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84 Years Ago Today: Goodbye Prohibition!
A huge queue outside the Board of Health offices in Centre Street, New York, for licenses to sell alcohol shortly after the repeal of prohibition. The repeal of prohibition was a key policy of Franklin Roosevelt's government as it allowed the government an opportunity to raise tax revenues at a time of economic hardship.
A huge queue outside the Board of Health offices in Centre Street, New York, for licenses to sell alcohol shortly after the repeal of prohibition. The repeal of prohibition was a key policy of Franklin Roosevelt's government as it allowed the government an opportunity to raise tax revenues at a time of economic hardship.
Keystone/Getty Images

It was 84 years ago today that the Twenty-First Amendment to the Constitution was ratified, repealing the earlier Amendment that declared the manufacture, sale, and transport of alcohol illegal in the United States. Prohibition was over! Booze that had been illegal for 13 years was suddenly legal again, and our long national nightmare was finally over.

A giant barrel of beer, part of a demonstration against prohibition in America.
Henry Guttmann/Getty Images

Prohibition of alcohol was not a popular doctrine. It turned formerly law-abiding citizens into criminals. It overwhelmed police with enforcement duties and gave rise to organized crime. In cities like Milwaukee and St. Louis, the dismantling of breweries left thousands of people unemployed.

Photograph courtesy of the Boston Public Library

Homemade alcohol was often dangerous and some people died from drinking it. Some turned to Sterno or industrial alcohol, which was dangerous and sometimes poisoned by the government to discourage drinking. State and federal governments were spending a lot of money on enforcement, while missing out on taxes from alcohol.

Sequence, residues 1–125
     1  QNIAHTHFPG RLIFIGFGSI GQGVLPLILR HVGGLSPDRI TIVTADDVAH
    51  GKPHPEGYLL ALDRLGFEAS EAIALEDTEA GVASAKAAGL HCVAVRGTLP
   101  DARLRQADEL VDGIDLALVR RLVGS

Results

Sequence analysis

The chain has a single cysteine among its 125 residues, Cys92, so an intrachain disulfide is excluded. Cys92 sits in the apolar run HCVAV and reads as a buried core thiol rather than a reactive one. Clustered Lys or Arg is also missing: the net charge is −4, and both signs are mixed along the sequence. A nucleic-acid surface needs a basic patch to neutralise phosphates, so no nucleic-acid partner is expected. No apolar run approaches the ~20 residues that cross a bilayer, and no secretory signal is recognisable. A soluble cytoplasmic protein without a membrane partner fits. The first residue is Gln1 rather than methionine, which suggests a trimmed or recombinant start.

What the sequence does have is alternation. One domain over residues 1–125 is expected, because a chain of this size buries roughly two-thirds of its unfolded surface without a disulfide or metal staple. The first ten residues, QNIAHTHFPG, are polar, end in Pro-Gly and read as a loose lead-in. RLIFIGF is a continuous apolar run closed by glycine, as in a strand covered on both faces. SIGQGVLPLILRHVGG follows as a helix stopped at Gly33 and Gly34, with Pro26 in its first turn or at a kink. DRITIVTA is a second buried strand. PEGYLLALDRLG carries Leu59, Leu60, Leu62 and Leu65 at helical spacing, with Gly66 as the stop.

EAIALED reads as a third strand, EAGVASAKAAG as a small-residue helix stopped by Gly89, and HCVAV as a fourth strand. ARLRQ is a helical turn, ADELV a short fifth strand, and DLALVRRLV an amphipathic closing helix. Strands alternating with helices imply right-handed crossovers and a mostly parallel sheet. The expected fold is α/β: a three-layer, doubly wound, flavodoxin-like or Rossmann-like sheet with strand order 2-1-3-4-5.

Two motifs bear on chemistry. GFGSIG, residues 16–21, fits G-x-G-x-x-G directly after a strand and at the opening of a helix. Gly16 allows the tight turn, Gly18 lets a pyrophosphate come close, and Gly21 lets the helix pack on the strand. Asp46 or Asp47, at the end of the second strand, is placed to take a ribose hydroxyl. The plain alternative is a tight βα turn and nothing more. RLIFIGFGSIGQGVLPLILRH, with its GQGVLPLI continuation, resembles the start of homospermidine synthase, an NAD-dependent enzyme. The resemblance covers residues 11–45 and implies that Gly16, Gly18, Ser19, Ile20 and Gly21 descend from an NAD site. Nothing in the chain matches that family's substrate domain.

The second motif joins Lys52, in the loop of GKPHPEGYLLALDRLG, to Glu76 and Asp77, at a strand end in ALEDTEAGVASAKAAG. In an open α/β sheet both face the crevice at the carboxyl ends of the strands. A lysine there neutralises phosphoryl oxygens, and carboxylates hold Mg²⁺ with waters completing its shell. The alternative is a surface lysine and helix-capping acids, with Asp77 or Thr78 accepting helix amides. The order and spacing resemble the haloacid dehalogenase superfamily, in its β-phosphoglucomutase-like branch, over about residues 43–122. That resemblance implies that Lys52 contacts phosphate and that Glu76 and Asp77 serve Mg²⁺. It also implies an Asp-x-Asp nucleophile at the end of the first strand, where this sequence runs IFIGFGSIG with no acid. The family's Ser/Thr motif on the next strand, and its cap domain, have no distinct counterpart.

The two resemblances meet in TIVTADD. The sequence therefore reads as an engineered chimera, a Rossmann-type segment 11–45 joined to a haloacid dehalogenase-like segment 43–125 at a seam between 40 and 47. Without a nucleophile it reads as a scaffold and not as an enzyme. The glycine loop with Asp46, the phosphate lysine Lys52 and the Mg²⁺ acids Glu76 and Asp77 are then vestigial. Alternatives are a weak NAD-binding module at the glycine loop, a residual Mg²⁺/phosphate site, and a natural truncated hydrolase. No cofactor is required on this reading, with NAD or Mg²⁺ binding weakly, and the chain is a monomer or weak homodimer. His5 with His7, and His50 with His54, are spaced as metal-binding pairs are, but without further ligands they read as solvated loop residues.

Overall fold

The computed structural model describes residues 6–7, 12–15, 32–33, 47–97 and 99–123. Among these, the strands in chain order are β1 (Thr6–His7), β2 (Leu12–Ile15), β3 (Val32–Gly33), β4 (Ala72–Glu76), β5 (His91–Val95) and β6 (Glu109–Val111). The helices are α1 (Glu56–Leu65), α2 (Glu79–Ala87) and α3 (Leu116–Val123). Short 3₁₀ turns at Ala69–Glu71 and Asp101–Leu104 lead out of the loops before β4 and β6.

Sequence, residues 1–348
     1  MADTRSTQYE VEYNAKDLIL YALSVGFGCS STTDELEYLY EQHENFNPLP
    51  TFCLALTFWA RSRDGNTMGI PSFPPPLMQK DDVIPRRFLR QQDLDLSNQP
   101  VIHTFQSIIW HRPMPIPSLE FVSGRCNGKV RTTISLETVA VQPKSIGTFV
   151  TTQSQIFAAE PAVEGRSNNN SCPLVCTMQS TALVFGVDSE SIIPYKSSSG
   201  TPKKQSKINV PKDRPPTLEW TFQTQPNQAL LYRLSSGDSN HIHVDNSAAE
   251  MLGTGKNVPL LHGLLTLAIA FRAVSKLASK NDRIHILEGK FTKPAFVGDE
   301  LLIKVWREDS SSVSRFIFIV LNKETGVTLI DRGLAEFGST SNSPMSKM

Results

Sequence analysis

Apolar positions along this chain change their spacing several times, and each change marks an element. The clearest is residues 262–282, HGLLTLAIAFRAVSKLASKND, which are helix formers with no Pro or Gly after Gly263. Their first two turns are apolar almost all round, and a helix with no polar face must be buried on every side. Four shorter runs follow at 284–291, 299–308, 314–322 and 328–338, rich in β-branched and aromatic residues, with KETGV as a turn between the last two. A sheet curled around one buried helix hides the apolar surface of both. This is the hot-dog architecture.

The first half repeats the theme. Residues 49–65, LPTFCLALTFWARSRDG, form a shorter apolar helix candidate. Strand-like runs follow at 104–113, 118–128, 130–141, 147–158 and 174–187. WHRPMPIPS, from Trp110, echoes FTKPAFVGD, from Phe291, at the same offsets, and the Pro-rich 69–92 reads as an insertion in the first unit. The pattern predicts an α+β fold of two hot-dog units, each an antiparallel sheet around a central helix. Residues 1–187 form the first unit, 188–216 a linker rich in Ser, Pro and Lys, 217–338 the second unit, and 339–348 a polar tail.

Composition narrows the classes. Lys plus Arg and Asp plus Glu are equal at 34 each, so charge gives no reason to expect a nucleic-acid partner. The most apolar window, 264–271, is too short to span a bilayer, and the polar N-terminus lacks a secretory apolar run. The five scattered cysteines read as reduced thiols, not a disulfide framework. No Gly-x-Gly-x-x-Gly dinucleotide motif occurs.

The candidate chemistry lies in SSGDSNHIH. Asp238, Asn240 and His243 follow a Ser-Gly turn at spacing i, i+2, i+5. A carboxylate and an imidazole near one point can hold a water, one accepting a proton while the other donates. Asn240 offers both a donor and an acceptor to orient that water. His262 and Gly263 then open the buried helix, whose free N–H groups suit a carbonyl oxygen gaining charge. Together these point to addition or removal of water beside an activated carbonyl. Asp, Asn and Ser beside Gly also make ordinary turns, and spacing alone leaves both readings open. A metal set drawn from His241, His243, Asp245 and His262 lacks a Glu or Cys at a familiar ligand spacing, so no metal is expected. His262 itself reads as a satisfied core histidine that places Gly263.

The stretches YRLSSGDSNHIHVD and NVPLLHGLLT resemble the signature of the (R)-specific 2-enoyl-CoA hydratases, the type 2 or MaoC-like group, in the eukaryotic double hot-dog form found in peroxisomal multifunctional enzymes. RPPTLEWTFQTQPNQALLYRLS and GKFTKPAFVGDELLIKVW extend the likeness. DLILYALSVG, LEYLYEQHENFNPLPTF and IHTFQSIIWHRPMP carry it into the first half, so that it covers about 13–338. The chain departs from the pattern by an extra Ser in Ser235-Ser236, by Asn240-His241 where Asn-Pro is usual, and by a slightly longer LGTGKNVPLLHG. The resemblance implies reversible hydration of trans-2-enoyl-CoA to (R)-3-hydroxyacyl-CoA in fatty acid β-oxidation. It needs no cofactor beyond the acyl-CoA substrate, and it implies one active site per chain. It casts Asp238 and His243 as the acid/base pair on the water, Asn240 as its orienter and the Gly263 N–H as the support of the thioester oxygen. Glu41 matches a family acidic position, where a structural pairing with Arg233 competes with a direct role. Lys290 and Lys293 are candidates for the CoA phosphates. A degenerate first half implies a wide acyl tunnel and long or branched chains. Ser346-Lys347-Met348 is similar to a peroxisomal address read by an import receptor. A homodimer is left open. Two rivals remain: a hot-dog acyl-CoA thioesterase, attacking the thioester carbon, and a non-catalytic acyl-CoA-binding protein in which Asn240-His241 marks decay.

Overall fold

New York City Deputy Police Commissioner John A. Leach (right) watches agents pour liquor into sewer following a raid during the height of Prohibition.

The midterm elections of 1930 saw the majority in Congress switch from Republican to Democratic, signaling a shift in public opinion about Prohibition as well as concerns about the depressed economy. Franklin Roosevelt, who urged repeal, was elected president in 1932. The Twenty-first Amendment to the Constitution was proposed by Congress in February of 1933, the sole purpose of which was to repeal the Eighteenth Amendment establishing Prohibition.

American men guarding their private beer brewing hide-out, during Prohibition.
Keystone/Getty Images

With passage of the Constitutional Amendment to repeal Prohibition a foregone conclusion, a huge number of businessmen lined up at the Board of Health offices in New York in April of 1933 to apply for liquor licenses to be issued as soon as the repeal was ratified.

The Amendment was ratified by the states by the mechanism of special state ratifying conventions instead of state legislatures. Many states ratified the repeal as soon as conventions could be organized. The ratifications by the required two-thirds of the states was achieved on December 5, 1933, when conventions in Ohio, Pennsylvania, and Utah agreed to repeal Prohibition through the Amendment.

Workmen unloading crates of beer stacked at a New York brewery shortly after the repeal of Prohibition.
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A brewery warehouse in New York stacked crates past the ceiling to satisfy a thirsty nation after the repeal of Prohibition.

Keystone/Getty Images

Liquor wouldn't officially be legal until December 15th, but Americans celebrated openly anyway, and in most places, law enforcement officials let them.